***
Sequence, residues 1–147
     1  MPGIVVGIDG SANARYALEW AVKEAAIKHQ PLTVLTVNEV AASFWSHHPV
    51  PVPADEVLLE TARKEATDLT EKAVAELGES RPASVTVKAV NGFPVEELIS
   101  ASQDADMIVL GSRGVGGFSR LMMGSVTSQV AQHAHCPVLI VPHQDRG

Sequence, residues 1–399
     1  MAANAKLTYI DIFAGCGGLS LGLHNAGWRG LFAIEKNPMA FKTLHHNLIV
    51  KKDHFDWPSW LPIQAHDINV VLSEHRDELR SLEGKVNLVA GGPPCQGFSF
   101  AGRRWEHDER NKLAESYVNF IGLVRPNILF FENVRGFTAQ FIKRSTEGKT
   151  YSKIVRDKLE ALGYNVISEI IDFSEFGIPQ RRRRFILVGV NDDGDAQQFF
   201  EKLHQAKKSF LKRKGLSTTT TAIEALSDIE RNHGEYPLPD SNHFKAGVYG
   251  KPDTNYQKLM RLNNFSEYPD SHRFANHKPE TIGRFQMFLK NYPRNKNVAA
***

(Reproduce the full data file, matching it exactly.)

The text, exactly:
Sequence, residues 1–147
     1  MPGIVVGIDG SANARYALEW AVKEAAIKHQ PLTVLTVNEV AASFWSHHPV
    51  PVPADEVLLE TARKEATDLT EKAVAELGES RPASVTVKAV NGFPVEELIS
   101  ASQDADMIVL GSRGVGGFSR LMMGSVTSQV AQHAHCPVLI VPHQDRG

Sequence, residues 1–399
     1  MAANAKLTYI DIFAGCGGLS LGLHNAGWRG LFAIEKNPMA FKTLHHNLIV
    51  KKDHFDWPSW LPIQAHDINV VLSEHRDELR SLEGKVNLVA GGPPCQGFSF
   101  AGRRWEHDER NKLAESYVNF IGLVRPNILF FENVRGFTAQ FIKRSTEGKT
   151  YSKIVRDKLE ALGYNVISEI IDFSEFGIPQ RRRRFILVGV NDDGDAQQFF
   201  EKLHQAKKSF LKRKGLSTTT TAIEALSDIE RNHGEYPLPD SNHFKAGVYG
   251  KPDTNYQKLM RLNNFSEYPD SHRFANHKPE TIGRFQMFLK NYPRNKNVAA